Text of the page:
Yulu bikes, one of India’s pioneering micro-mobility electric two-wheeler players, and Magna, a significant global automotive component supplier, have gotten into a joint venture to launch Yuma Energy. This company offers ‘battery-as-a-service’ or, in other words, a swappable battery ecosystem for electric two-wheelers. Magna put in a total investment of $77 million to set up this joint venture in September 2022 and the service was launched on February 2, 2023.
A part of this investment is for setting up a battery-swapping infrastructure that is operational in about 85 locations across Bengaluru, Mumbai and Delhi, with plans to expand to 500 locations across many more cities by the end of 2023. Yuma Energy’s battery as a service (BaaS) network will cater to Yulu’s rental micro-mobility bikes as well as other electric two-wheeler companies that rely on a battery-swapping model for their mobility plans. The rest of the investment is in deploying more micro-mobility scooters every month.
Matteo Del Sorbo, executive vice president and global lead for new mobility at Magna says the core strategy of Yuma is around creating a network for a BaaS or energy as a service company, like Yulu. “The focus today is originally on low speed, shared mobility, which is our anchor customer, Yulu, and the growth there is quite substantial. We plan to add 10,000 new (Yulu bikes) every month going forward starting in April,” says Matteo.
Battery as a service
The concept of offering energy as a service is primarily a building block for the company, which can extend to other form factors as well, he adds, moving from low-speed to mid-speed electric two-wheelers, to even three-wheelers. The company is using 48-volt lithium-iron-phosphate (LiFePO4) battery packs at present.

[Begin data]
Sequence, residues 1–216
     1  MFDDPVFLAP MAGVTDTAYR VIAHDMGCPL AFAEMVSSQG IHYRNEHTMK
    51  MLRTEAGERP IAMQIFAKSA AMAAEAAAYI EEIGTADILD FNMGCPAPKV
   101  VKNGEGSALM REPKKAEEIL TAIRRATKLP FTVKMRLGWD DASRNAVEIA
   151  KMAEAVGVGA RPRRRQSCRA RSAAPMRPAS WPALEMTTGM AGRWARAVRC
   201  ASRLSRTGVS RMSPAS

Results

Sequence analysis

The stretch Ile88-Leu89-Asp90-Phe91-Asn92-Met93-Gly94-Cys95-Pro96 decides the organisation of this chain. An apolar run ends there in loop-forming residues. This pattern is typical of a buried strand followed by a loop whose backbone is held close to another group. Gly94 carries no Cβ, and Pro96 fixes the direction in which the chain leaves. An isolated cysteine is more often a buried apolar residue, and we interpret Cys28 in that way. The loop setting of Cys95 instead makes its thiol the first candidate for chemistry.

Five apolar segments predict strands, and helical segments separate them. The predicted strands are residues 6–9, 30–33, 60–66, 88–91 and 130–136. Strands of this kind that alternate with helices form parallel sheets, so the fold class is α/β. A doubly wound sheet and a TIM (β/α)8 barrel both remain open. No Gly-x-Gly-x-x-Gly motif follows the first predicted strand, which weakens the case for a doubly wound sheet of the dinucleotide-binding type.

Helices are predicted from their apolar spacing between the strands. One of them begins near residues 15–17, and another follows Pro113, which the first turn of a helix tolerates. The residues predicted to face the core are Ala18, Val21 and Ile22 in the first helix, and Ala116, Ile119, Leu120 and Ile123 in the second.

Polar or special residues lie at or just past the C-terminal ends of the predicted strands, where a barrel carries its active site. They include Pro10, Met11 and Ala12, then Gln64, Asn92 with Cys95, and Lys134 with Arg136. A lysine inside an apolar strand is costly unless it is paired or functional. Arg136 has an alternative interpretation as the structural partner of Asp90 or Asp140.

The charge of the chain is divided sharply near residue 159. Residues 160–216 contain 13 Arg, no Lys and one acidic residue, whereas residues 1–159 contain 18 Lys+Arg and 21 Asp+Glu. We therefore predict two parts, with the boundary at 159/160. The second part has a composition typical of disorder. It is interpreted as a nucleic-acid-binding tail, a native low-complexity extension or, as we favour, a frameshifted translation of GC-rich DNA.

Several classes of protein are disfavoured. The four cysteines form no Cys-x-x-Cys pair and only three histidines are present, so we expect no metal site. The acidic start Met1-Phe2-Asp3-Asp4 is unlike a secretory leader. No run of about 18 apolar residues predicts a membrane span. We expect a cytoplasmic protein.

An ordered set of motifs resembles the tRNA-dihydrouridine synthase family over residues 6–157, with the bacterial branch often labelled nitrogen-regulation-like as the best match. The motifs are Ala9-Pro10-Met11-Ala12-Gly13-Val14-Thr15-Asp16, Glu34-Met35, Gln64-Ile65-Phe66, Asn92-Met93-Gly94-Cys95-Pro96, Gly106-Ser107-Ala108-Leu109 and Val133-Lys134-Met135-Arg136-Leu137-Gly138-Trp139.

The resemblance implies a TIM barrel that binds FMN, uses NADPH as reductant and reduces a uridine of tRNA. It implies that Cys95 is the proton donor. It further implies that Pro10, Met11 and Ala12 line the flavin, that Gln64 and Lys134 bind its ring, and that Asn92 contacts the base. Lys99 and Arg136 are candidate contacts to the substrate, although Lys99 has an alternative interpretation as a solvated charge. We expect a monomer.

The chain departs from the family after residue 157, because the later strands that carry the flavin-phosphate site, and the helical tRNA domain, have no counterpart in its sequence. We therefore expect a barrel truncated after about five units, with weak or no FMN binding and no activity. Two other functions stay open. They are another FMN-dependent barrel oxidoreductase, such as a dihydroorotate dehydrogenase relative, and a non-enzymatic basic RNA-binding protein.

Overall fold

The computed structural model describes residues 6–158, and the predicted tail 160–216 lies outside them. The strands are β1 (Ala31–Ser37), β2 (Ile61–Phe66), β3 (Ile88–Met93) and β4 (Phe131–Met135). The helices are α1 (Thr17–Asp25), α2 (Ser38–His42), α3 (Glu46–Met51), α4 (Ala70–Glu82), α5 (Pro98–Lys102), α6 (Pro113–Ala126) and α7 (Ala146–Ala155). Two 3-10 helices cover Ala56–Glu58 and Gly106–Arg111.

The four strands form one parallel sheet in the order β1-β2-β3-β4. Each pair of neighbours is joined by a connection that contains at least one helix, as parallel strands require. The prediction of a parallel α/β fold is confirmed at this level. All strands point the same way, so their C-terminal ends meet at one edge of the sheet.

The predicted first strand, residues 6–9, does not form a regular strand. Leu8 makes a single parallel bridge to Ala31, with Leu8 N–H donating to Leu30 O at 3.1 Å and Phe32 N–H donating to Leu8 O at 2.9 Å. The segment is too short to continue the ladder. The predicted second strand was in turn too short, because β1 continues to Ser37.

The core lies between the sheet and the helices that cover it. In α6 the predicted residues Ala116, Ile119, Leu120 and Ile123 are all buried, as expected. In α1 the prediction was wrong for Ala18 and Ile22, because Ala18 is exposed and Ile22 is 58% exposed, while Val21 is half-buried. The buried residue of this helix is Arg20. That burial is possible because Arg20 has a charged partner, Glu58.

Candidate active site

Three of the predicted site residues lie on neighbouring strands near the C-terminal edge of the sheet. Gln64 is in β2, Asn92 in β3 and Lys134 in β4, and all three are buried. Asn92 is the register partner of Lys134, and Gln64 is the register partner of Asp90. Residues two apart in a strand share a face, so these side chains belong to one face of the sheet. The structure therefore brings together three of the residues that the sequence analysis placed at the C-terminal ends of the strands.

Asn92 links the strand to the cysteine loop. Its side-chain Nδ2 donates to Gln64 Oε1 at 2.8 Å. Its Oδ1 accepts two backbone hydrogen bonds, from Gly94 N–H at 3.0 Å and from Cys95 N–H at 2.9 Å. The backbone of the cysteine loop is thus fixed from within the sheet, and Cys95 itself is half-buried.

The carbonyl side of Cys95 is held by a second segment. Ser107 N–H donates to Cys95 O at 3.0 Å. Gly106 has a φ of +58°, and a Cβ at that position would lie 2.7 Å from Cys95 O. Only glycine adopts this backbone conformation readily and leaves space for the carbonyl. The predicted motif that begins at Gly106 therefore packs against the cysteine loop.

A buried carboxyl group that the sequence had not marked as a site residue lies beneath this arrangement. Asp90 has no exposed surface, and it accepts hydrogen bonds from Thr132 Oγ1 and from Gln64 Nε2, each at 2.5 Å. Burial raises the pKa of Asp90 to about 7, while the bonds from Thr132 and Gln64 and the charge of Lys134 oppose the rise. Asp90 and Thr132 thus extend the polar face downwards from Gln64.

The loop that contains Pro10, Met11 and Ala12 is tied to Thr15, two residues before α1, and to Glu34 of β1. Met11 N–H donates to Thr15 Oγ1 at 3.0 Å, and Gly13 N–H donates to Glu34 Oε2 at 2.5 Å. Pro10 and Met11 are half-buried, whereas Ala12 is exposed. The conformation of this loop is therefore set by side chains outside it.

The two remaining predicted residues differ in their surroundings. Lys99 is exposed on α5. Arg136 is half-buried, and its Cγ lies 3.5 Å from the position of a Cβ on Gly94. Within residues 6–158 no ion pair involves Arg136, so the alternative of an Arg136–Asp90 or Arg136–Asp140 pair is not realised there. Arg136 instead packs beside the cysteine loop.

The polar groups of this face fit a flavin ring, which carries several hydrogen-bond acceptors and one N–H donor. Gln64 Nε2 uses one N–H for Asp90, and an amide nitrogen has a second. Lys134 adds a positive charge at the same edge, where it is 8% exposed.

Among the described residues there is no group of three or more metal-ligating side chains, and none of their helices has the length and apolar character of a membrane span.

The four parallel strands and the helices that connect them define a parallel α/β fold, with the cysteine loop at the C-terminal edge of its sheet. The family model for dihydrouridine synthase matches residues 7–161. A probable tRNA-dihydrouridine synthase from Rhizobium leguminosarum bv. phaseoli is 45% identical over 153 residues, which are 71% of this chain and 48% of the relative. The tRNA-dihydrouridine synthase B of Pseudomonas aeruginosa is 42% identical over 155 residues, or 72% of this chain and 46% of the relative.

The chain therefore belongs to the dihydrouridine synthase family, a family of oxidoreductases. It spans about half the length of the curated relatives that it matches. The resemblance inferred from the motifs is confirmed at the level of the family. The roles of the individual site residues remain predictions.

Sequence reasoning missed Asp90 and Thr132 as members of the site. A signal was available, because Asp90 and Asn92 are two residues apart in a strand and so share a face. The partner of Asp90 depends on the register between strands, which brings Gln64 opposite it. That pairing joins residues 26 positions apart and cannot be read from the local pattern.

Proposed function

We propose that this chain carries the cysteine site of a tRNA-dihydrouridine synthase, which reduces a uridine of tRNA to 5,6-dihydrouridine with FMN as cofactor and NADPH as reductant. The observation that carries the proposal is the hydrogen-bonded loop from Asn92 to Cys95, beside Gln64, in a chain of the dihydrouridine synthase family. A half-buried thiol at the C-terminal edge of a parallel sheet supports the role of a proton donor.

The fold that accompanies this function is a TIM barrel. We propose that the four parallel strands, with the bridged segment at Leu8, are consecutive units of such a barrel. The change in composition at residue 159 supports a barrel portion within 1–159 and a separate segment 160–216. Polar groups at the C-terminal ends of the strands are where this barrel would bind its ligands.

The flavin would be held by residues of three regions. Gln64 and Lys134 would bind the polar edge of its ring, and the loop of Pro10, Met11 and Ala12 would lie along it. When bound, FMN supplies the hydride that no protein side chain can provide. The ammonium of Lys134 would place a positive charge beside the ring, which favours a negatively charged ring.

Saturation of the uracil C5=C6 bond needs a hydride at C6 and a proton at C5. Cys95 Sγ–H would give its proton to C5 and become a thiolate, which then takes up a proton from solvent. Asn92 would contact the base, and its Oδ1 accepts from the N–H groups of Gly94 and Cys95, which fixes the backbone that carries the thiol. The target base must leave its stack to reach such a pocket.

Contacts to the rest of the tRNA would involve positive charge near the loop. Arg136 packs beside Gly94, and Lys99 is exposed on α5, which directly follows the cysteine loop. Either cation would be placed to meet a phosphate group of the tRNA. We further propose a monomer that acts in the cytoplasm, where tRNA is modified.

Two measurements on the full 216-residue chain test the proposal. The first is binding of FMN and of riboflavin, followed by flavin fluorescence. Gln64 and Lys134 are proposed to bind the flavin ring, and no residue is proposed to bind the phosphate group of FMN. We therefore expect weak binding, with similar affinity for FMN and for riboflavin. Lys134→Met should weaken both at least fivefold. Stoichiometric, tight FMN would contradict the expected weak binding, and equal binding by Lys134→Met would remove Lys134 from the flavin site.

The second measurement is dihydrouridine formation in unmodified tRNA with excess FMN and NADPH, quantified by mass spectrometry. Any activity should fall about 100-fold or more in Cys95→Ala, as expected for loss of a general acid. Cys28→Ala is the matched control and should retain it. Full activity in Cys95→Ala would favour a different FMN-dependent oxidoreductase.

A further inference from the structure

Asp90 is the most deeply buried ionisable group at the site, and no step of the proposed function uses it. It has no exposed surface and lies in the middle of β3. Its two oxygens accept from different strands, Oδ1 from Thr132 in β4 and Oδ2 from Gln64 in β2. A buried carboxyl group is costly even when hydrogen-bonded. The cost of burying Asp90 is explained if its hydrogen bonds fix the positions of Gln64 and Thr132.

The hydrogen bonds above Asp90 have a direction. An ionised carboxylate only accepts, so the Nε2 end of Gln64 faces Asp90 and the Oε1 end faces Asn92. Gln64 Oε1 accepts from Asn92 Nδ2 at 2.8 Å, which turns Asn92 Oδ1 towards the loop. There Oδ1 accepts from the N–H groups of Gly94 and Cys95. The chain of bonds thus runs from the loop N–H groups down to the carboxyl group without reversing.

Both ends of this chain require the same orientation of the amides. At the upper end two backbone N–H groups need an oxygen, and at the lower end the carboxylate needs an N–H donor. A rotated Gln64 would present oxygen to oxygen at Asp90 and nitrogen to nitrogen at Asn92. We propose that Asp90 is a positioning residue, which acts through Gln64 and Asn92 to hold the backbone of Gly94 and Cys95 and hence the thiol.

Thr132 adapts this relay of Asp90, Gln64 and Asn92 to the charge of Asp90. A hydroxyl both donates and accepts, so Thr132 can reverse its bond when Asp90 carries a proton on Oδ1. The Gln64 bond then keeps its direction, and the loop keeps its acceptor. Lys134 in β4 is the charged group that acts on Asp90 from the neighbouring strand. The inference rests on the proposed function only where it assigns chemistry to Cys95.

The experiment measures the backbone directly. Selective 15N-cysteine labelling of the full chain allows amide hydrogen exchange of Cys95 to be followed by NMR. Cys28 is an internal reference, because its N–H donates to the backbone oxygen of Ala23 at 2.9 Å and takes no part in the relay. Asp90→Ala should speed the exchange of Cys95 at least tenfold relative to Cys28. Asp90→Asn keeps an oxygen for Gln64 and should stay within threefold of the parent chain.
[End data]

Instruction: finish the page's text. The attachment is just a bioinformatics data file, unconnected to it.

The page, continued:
“Being able to offer a battery as a service product that is compatible across form factors is really the focus of building a really solid network. That’s absolutely what we’re focused on. Initially, it will be low speed, but obviously, a part of our strategy is to then proliferate that in other use cases,” says Matteo.
While the company isn’t disclosing other partnerships it is pursuing in India, besides Yulu, for swappable batteries, it is looking at other applications besides two-wheelers in India. For instance, Magna caters to last-mile delivery solutions in other markets, which have a swappable battery, and which could be feasible in India too.
Scaling up local production
Magna assembles battery packs for its BaaS business in India – Yuma. Lithium-ion cells are imported and have enjoyed a concessional duty rate of 5%. In the recent Union Budget 2023, Finance Minister Nirmala Sitharaman announced an extension of this concessional rate for another year to encourage EV production domestically. Magna is one company that sees benefits in this.
“Today, we’re assembling battery packs for our business here in India. And that’s the current strategy, obviously, to localise the battery pack assembly, but the cells are important. I think the biggest challenge will be for cell manufacturers to come to India when the volume and scale is there to justify their investment,” says Matteo.
Magna, is a diverse auto components manufacturer from vehicle design to seating systems to battery pack design development, but it’s not in the cell manufacturing space. It, however, partners with cell manufacturers to develop specific battery pack designs for different use cases.
Also read: Yulu secures nine million US dollars (Rs 73 crore) financing from US International Development Finance Corp
Various estimates say electric vehicles could account for between 17 percent to 25 percent of the two-wheeler and passenger vehicle market by 2030 in India. That prediction presents opportunities and challenges for players like Magna.
Matteo says: “I think the market is going to have huge growth opportunities. I think population mobility on a sustainable platform is going to be easier to deploy on a two-wheel or three-wheel strategy as opposed to four-wheelers in this country. The infrastructure for charging is going to be a challenge in India in the short term. So that’s why I think two-wheelers and three-wheeler applications with swappable batteries is where the growth will be.”
The company continues to invest in India. In October, it announced a $120 million investment in Bengaluru for an R&D centre. Magna also has some high-profile global customers, like Fisker, with which it is developing the Fisker Ocean SUV platform that is likely to be launched in global markets this year.